|Souza, Edward - UNIVERSITY OF IDAHO|
|Berzonsky, William - NDSU|
|Baenziger, Stephen - UNIVERSITY OF NE|
Submitted to: Journal of Cereal Science
Publication Type: Peer Reviewed Journal
Publication Acceptance Date: December 10, 2002
Publication Date: July 31, 2003
Citation: Graybosch, R.A., Souza, E., Berzonsky, W., Baenziger, S., Chung, O.K. 2003. Functional properties of waxy wheat flours: genotypic and environmental effects. Journal of Cereal Science. Interpretive Summary: Alternative uses of our most common grain crops often is cited as a necessity for the development of a more sustainable agricultural system, and a means of salvation for rural economies. After many years of discussion, a well-defined alternative use of common wheat now is in sight. Waxy (amylose-free) wheats have a modified starch structure that will allow wheat starch to be used in a number of novel food and industrial applications. Waxy spring wheats were developed via traditional cross-breeding of lines carrying natural mutations that interrupt the synthesis of amylose, a natural component of wheat starch. The resultant starch consists only of amylopectin, another natural component. Waxy wheats, then, are 100% natural and non-GMO. The change in starch structure conferred different cooking properties to the waxy wheats. The cooking properties were remarkably stable over diverse cultural environments. Grain yield of the highest yielding spring waxy wheats was not significantly different from that of normal spring wheat cultivars included as controls. The study demonstrates that waxy wheats can be developed that will not carry a penalty in grain yield, that waxy wheats have unique functional properties, and that these functional properties are extremely resistant to modification by environmental factors. Commercial firms interested in using waxy wheats will be able to obtain consistent raw materials from diverse environments.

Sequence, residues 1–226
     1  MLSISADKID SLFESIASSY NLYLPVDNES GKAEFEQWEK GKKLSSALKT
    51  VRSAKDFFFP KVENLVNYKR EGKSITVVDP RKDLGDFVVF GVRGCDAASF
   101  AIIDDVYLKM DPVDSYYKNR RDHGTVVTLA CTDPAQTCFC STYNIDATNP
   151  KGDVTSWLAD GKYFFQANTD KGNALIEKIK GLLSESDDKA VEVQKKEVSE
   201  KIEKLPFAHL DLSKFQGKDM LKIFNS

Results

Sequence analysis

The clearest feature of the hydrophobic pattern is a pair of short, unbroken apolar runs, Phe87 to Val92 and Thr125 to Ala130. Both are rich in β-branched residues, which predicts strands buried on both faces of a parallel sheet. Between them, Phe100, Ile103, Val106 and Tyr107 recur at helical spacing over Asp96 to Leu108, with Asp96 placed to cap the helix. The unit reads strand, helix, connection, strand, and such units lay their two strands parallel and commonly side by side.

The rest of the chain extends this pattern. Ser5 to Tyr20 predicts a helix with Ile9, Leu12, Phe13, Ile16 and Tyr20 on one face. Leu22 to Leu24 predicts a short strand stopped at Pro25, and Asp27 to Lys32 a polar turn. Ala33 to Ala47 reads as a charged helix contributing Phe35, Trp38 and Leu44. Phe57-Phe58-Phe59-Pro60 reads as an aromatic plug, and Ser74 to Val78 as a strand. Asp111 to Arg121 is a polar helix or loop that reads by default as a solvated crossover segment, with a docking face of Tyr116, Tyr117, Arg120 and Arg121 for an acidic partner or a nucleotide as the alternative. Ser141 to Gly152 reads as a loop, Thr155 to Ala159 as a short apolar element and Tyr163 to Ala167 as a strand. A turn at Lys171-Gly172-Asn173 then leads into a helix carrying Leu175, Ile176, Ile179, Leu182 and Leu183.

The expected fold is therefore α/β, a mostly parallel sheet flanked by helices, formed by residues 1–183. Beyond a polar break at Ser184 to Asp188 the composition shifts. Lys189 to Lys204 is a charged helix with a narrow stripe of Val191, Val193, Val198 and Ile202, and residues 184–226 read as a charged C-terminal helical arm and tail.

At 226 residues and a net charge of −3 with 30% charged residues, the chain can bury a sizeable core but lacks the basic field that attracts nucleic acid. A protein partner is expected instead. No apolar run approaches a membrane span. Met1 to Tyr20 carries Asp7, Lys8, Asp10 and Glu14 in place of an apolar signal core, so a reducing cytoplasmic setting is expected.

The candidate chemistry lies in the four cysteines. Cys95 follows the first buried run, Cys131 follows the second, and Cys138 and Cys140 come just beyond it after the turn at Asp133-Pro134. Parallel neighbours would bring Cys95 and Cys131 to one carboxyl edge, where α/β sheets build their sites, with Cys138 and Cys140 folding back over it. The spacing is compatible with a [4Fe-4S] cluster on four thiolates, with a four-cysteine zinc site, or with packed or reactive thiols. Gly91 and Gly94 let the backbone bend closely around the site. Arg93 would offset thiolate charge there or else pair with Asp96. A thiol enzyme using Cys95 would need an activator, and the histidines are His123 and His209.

Technical Abstract: A set of waxy (amylose-free) experimental spring wheats (Triticum aestivum L.) of diverse parentage were grown, along with two non-waxy and two partial waxy check cultivars, at diverse North American cultural environments. Grain yield and functional attributes of derived flours were determined. Average grain yield of the waxy lines did not differ significantly from the average yield of the check cultivars, but significant differences were observed amongst the waxy lines. Grain hardness varied significantly amongst the waxy lines, and both hard and soft textured waxy lines were identified. Analysis of flour quality traits showed few differences between waxy lines and check cultivars for traits primarily related to protein concentration or protein quality, but many significant differences between properties primarily dependent upon starch structure, or related to milling behavior. Protein-related quality attributes of waxy wheats demonstrated environmental and genotypic variances similar to those typical of non-waxy wheats. Starch-related quality attributes of waxy wheats showed remarkable stability across environments, but some significant genetic variation was observed. End-users interested in employing waxy wheats should be able to select desired waxy lines, and feel confident that the starch-related functional properties will be environmentally stable.